Some public housing residents and property staff have more in common than living and working in the same location.
“I lived in public housing. And like so many of our residents, I am a single parent too,” said Alishia Marshall, property manager at J. Henry Hale Apartments.
Marshall moved into Vine Hill Apartments with her infant son in 2000. At the time, she was working full-time as a Kroger accountant and studying criminal justice, psychology and accounting at Tennessee State University.
“I was a go getter,” she said.
Marshall enrolled in Christian Community Services Inc.’s Mentoring Towards Independence program. Housed in the Vine Hill Community Center, CCSI empowers low-income families to reduce their dependence on government subsidies through weekly financial courses on asset management and budgeting, a $2 to $1 match savings program of up to $5,000 and one-on-one mentorships. While parents study, CCSI staff provide their children with homework tutoring, career exploration workshops and a course on basic money management as well as feed them dinner.
As she balanced her family, studies and job, Marshall was unable to keep up with the program’s demands and was released from it for missing too many classes.
“Defeat was not an option for Alishia,” said Social Services Coordinator Katie Yancey, who counsels residents and connects them to supportive services. “During our conversations I could see her find the motivation to overcome obstacles. She was determined and driven.”
Re-enrolling in CCSI, Marshall began contributing to the match savings program and considering mortgage interest rates. She completed the Mentoring Towards Independence program, earned two bachelor’s degrees and purchased a home in 2006 in Smyrna, Tennessee.
Not forgetting the people who aided her journey toward self-sufficiency, Marshall returned to Vine Hill to serve on CCSI’s board of directors and its finance committee for six years.
“Because of her experience in the Mentoring Towards Independence Program, Alishia was able to bring a unique perspective to our board meetings to assist us in how we connect with new students through ways they can relate,” said CCSI Executive Director Belita Howard. “Over the years, she has continued to send MDHA residents to our office for mentoring and budgeting help. It is rewarding to see her success and have her continuous support.”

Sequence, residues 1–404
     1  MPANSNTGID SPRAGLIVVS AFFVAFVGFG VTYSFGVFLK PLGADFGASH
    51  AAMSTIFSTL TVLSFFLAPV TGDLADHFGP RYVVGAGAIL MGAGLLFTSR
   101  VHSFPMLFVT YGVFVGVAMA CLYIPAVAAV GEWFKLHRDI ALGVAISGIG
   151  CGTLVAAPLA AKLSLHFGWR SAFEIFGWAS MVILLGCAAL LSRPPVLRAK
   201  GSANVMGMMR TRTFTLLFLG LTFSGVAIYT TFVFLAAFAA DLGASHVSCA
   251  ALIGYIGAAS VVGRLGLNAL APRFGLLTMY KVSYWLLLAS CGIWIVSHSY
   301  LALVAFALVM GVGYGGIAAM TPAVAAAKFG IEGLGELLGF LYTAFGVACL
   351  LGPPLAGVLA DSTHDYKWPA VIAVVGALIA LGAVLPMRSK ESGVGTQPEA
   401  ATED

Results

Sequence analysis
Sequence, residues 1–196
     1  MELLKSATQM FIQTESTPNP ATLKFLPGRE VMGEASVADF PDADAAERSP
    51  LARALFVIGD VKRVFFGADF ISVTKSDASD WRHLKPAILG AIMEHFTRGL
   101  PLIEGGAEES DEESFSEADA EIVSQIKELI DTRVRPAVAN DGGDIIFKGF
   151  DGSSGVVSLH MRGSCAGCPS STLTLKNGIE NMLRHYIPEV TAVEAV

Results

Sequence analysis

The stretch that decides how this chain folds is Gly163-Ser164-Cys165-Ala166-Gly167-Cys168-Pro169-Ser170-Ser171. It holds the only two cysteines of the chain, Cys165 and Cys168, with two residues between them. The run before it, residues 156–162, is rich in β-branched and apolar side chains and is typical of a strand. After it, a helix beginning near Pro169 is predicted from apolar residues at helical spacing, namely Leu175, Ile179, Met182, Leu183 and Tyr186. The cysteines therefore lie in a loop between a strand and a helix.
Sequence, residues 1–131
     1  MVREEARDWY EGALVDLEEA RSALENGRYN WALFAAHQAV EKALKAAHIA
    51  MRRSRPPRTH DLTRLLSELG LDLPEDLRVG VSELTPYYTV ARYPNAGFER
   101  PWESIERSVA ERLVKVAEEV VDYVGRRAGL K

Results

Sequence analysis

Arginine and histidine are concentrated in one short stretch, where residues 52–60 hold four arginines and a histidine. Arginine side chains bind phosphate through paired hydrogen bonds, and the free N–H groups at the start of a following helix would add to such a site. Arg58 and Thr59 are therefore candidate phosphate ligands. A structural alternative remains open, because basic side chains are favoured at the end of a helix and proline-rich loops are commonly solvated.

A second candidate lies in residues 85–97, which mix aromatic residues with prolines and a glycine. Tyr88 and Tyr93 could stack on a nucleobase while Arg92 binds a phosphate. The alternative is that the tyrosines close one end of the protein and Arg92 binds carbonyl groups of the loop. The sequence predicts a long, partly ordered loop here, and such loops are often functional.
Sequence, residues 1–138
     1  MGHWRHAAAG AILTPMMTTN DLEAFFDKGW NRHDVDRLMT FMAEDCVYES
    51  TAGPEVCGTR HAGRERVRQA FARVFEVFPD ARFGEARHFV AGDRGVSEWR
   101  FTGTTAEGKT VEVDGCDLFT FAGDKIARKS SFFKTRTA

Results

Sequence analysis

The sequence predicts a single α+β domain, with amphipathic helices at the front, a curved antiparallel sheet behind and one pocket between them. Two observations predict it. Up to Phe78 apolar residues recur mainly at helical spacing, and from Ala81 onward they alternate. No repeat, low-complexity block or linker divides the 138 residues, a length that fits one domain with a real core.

Marshall also returned to the Metropolitan Development and Housing Agency in 2007 as Cumberland View’s property manager. While at the North Nashville property, she hosted parent-teacher meetings in the community room beside her office and was often asked to visit schools to talk to problem children. Today she manages 188 public housing units, 40 market rate units and a community garden at J. Henry Hale.
“When Alishia came to Vine Hill as a resident, she was a young lady who was driven, focused, goal oriented, and we developed a plan for her to become self-sufficient. The result is what we see today,” said Historic Preston Taylor Apartments Senior Leasing Assistance Delores Hockett, who worked as a social service coordinator when Marshall moved into Vine Hill. “She left MDHA when she became a homeowner, but she came back to us to help other residents. I am happy for Alishia and enjoy working with her.”
Marshall’s transition from a public housing resident to a property manager is not only inspiring but also can be duplicated, MDHA staff said.
“She is a good example of how MDHA and its partner organizations work to better residents. When residents work closely with social services staff and management, we help them achieve their goals,” Hockett said.
Marshall’s advice to her residents is simple as she offers them a helping hand.
“Set a goal, and don’t let anything stop you. Whatever you want to do, the sky is the limit,” she said.
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